9) Oh, and the best for last - this to me is clearly well-meant, but has anyone really thought it through? I mean, as a result of this decision, instead of reusing each plastic bag, (most of which are very flimsy these days and claim to be made from recycled bags themselves and also to be biodegradable, although I have no idea how true this is), first to cover left overs in the fridge and then to line the rubbish bin, I will for the first time in my life be buying clingfilm and rubbish bags; in other words I will be paying to buy plastic products that I will only use once, whereas before I was reusing the bags I got at the shop several times.
To add to the madness, plastic bags will still be available at the supermarket, if you want to pay for them; however, they will be much more durable, long-lasting - and therefore less degradable - ones:
I know that I am scatter brained enough to continue to forget to bring my own bags to the shop and so I will end up buying these ones, thus generating the production dozens of bags of a  far more environmentally damaging variety than the old ones, all in the name of what?

And one last whinge - what does it cost to produce all these absurd directives? People write them, they have meetings about them, designers do mock-ups, more meetings, recommendations, approvals, quotes from printers, large quantities of paper, on and on it goes.


  1. Commandeer them. Gather a stash, and someday your offspring will be able to sell them for a decent price. The posters made in WW II, printed by the thousands, and really as silly as the Canberra posters, sell for high prices today.

  2. My favorite is #6, because they couldn't even bother to try to reduce a wordy directive to a snappy little slogan!

  3. George - To become valuable, they would first have to become rare, which, sadly, I don't think will happen any time soon.
    Jeff - I hate them all. I am writing this between bouts of citizen's action, involving throwing all the neighbourhood children into the back of my car, without any restraints, and driving erratically round the streets of Canberra (particularly speedily in school zones) hurling plastic lunch boxes, foam coffee cups, lined curtains and the occasional dual flush lavatory out the window.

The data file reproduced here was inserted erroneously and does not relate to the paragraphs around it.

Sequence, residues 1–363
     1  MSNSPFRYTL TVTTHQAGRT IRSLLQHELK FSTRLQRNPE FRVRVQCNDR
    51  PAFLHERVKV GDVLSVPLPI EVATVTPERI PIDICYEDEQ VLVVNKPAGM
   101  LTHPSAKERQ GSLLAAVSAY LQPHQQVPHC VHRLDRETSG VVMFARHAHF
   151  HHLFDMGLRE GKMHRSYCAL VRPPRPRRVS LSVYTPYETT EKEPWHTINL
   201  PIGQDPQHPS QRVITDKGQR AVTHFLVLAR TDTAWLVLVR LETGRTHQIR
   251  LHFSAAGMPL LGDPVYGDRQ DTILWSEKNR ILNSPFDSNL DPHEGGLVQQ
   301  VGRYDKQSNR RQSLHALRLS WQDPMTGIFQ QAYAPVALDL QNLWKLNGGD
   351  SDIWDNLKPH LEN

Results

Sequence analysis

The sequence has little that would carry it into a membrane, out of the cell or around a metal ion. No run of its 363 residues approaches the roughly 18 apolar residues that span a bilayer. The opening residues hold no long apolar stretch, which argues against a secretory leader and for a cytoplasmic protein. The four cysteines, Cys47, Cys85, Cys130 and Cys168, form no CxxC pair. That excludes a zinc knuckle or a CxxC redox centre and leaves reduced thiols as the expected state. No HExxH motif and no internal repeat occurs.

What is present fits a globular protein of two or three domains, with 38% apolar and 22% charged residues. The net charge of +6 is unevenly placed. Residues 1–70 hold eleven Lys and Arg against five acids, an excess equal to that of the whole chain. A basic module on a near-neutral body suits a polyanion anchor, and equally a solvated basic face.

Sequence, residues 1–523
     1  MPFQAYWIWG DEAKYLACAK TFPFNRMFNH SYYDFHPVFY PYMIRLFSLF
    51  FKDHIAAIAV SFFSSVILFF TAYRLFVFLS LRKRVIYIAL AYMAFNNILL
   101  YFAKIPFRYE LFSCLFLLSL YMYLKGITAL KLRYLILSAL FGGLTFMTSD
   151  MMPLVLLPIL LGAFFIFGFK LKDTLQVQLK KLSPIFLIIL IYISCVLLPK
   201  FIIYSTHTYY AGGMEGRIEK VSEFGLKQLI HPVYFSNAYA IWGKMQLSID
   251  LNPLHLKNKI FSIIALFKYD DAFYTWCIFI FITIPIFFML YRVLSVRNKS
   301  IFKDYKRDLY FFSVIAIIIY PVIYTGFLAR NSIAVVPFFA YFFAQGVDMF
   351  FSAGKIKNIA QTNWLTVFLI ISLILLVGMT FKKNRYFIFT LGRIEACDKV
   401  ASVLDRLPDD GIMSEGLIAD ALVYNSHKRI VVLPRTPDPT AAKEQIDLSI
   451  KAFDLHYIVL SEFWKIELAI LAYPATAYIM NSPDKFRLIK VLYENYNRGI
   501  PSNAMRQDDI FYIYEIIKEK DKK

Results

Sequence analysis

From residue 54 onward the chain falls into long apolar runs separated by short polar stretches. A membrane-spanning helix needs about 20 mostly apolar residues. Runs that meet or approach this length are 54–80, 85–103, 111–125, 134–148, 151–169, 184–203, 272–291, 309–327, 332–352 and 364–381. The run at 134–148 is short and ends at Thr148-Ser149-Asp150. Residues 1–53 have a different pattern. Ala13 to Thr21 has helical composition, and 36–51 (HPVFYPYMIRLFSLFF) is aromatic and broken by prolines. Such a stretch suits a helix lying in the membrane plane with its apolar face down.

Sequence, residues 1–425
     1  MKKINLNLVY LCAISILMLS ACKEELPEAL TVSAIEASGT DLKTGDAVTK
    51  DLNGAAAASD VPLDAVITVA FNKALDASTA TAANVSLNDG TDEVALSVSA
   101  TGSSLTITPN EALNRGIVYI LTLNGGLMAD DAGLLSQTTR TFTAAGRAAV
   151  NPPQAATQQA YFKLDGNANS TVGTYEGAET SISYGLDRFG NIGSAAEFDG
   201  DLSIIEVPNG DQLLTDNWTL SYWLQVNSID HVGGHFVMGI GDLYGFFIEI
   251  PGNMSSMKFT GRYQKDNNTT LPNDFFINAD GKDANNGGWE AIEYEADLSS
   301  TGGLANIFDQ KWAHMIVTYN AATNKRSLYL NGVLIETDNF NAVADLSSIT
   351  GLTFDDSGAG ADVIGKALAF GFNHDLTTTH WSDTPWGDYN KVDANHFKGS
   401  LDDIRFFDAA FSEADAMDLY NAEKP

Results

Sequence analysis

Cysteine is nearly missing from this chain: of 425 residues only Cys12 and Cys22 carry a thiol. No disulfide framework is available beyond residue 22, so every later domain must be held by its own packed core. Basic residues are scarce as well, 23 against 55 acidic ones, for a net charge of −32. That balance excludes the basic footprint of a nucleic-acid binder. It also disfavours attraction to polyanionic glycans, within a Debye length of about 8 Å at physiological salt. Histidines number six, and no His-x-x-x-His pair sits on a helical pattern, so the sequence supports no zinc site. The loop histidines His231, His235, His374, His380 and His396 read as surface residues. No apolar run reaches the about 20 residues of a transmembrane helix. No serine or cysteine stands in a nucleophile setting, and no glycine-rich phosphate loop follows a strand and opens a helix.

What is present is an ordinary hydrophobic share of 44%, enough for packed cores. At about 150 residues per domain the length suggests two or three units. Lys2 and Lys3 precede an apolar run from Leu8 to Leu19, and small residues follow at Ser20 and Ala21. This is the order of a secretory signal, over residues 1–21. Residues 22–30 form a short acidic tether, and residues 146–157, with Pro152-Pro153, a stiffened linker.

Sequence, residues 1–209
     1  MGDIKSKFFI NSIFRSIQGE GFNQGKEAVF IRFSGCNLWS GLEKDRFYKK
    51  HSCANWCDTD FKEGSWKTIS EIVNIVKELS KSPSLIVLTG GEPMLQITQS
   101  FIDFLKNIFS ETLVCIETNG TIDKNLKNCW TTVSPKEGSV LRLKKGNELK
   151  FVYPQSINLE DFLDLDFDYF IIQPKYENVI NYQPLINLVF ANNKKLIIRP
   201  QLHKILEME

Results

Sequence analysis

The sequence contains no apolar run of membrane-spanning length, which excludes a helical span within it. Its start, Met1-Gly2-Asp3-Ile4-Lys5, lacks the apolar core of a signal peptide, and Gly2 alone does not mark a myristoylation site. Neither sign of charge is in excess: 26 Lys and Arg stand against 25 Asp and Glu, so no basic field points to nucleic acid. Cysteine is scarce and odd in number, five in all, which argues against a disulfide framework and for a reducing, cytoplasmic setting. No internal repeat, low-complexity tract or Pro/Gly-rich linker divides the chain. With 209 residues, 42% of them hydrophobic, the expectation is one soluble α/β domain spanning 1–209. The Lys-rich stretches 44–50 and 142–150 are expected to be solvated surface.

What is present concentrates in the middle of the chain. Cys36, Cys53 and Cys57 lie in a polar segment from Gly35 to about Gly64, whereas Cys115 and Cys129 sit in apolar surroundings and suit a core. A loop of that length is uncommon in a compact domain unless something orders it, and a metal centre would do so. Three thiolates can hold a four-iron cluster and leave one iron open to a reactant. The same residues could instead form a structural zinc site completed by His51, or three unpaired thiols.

4. This may be a bit off the mark, here, but it got me thinking about the overall tone in which governments communicate to citizens. In these, the government condescends to the public as if the were rather "slow" children. In America, we are simply told, threateningly, what to do: "It is required by law that these seats [on a train] be given to citizens with disabilities." On the tube in London, there was a similar sign that amounted more to: please be nice and give this seat to the elderly and ill. It makes me wonder if there are signs on trains in Canerra that explain, with pseaudo-patience *why* one should give up those seats. Often, one sees signs across America, in dangerous areas, insisting that one "KEEP OFF" certain dangerous things or be arrested or fined. In contrast, my favorite, in Dover England, was a sign that simply showed a person falling. That seems to me to be the perfect governmental tone: "We're just showing you what could happen. The rest is up to you." It seemed respecful and truly to have come from a concerned impulse.

  5. Z: I applaud your ne'er-do-well day! The city of Washington recently passed a five-cent tax on plastic bags, and the piety with which people stroll around with their "green" (made in China from iffy materials, loaded with grocery-store bacteria) shopping bags is rather tedious.

  6. Chris, a French friend pointed out that on the French metro the list of people one should give up one's seat to includes pregnant women, followed immediately by 'mutilés de guerre'.
    Jeff, hurray, my sentiments exactly re those horrible indestructible so-called 'green' bags. There's such a lot of sanctimonious twaddle about these days.